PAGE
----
Saw this via Phoebe Moore:
This looks interesting…
Via the Gender, Place and Culture blog.
Via Peter-Paul Verbeek.
Via Yuk Hui. Fascinating line-up of speakers:
I have been looking back over the links to news articles I’ve been collecting together about automation and I’ve been struck in particular by how the UK newspaper The Guardian has been running at least one story a week concerning automation in the last few months (see their “AI” category for examples, or the list below). Many are spurred from reports and press releases about particular things, so it’s not like they’re unique in pushing these narratives but it is striking, not least because lots of academics (that I follow anyway) share these stories on Twitter and it becomes a self-reinforcing, somewhat dystopian (‘rise of the robots’) narrative. I’m sure that we all adopt appropriate critical distance when reading such things but… there is a sense in which the ‘robots are coming for our jobs’ sort of arguments are being normalised and sedimented without a great deal of public critical reflection.
We might ask in response to the automation taking jobs arguments: who says? (quite often: management consultants and think tanks) and: how do they know? It seems to me that the answers to those questions are pertinent and probably less clear, and so interesting(!), than one might imagine.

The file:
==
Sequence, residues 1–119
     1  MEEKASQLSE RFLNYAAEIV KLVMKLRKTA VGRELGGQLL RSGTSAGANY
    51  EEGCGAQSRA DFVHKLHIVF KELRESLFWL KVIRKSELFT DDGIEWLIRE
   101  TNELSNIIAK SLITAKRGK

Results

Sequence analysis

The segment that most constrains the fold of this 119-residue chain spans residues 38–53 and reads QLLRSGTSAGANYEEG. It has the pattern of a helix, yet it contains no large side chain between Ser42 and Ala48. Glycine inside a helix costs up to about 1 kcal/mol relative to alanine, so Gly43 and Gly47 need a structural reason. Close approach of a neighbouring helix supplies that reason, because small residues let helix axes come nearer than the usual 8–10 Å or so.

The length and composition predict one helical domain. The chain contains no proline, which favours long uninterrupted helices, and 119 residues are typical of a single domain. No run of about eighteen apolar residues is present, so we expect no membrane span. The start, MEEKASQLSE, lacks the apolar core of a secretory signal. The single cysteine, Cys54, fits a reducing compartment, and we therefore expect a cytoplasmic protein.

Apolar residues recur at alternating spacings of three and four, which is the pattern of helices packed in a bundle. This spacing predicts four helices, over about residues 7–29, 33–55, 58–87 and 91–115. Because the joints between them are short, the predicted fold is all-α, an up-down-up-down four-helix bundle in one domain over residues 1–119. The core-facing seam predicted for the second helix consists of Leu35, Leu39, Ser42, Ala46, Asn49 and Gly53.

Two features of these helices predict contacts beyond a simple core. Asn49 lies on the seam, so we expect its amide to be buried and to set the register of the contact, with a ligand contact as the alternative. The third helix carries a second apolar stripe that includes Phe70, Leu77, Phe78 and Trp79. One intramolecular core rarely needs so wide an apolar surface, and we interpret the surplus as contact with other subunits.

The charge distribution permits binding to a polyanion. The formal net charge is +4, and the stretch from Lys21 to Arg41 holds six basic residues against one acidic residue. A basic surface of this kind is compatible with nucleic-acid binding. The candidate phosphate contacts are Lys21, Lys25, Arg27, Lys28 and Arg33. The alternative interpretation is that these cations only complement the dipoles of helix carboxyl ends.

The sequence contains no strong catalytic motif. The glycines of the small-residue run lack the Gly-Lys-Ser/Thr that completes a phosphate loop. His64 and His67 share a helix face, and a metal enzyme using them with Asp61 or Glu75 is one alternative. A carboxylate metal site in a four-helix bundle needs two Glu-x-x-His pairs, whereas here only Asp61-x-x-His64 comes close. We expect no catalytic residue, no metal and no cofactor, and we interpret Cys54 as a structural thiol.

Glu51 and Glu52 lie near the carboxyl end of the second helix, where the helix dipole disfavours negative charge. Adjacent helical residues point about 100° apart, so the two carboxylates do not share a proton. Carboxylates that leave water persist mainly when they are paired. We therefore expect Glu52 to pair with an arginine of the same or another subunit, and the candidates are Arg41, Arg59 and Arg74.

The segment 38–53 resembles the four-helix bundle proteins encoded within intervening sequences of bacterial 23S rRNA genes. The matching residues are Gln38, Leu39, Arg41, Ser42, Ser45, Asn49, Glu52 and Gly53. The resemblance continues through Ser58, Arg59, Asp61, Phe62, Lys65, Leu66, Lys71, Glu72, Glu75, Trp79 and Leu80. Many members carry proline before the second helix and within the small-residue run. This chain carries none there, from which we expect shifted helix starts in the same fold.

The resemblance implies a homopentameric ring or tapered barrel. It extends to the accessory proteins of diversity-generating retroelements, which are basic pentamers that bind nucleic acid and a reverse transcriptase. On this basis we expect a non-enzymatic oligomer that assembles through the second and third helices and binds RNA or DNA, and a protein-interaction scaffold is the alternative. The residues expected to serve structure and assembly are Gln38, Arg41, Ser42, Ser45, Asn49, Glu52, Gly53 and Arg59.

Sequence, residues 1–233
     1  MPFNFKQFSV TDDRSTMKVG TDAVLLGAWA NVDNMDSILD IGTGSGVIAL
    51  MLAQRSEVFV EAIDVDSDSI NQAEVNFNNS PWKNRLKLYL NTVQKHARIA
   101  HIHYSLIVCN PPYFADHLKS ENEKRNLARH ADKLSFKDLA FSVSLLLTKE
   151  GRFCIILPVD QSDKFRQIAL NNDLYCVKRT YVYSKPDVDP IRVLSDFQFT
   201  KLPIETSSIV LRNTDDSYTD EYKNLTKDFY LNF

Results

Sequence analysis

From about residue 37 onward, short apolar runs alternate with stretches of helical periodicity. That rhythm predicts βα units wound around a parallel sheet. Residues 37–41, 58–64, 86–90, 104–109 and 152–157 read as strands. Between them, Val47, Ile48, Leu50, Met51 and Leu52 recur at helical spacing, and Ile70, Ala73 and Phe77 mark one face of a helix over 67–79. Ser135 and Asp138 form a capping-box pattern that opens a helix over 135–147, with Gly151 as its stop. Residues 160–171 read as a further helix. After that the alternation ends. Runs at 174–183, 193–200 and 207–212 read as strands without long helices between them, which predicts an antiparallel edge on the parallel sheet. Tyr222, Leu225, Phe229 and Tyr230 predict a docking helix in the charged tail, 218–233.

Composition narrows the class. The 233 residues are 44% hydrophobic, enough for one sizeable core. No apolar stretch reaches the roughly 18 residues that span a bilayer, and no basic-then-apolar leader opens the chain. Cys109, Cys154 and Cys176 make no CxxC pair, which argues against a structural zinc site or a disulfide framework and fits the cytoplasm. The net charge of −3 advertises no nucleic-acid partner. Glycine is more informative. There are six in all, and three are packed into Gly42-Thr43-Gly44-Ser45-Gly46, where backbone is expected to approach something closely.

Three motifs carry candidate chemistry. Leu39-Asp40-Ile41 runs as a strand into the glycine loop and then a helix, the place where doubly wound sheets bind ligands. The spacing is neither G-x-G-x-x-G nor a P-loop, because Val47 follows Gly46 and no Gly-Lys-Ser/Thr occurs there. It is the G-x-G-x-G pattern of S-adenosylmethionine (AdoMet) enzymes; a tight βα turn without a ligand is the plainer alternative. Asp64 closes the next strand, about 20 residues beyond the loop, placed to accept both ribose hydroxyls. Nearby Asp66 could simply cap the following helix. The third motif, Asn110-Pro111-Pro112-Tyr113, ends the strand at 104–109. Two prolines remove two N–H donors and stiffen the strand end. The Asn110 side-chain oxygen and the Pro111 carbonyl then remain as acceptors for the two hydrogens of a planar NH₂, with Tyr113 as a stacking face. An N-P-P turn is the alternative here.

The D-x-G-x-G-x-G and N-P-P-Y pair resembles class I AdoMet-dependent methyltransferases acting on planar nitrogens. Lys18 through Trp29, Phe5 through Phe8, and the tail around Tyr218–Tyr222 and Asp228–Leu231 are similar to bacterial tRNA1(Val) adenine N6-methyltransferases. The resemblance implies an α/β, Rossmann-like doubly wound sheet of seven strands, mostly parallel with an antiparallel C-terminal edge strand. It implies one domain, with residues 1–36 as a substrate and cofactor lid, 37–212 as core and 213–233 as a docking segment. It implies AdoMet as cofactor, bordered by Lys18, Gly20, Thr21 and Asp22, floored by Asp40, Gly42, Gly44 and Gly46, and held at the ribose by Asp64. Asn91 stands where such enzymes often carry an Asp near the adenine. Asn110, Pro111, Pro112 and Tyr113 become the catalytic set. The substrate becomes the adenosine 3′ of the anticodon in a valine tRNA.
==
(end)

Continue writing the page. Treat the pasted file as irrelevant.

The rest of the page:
Here’s a selection of the Graun’s recent automation coverage:
- Rise of the robots and all the lonely people (13/12/17)
- Don’t like talking to people? Automation will save us from the hellscape of human interaction (13/12/17)
- Robots can set us free and reverse decline, says Labour’s Tom Watson (10/12/17)
- The rise of the robots brings threats and opportunities [letters] (26/11/17)
- Meet your new cobot: is a machine coming for your job? (25/11/17)
- The Guardian view on productivity: the robots are coming [Editorial] (25/11/17)
- Philip Hammond pledges driverless cars by 2021 and warns people to retrain (23/11/17)
- From Peppa Pig to Trump, the web is shaping us. It’s time we fought back (17/11/17)
- Truck drivers like me will soon be replaced by automation. You’re next (17/11/17)
- The machine age is upon us. We must not let it grind society to pieces [by Chuka Amunna MP] (14/11/17)
- Swift action needed to set framework for AI and machine learning [Letter/op-ed] (10/11/17)
I came across this via Thomas Dekysser and AdDistortion on Twitter.
Just as with the old Nokia 3220 “funshell” LEDs the principle seems to be that if you turn your head (rather than the device being turned) the advert/picture appears to ‘drag’ out of the light unit.
This obviously presents yet another level of issues around the uses of ‘public’ space and what reasonable expectations of intrusion into one’s attention/vision/cognition might be made, what constitutes ‘choice’ in terms of exposure to these images and lots more things besides…
From the Institute of Network Cultures: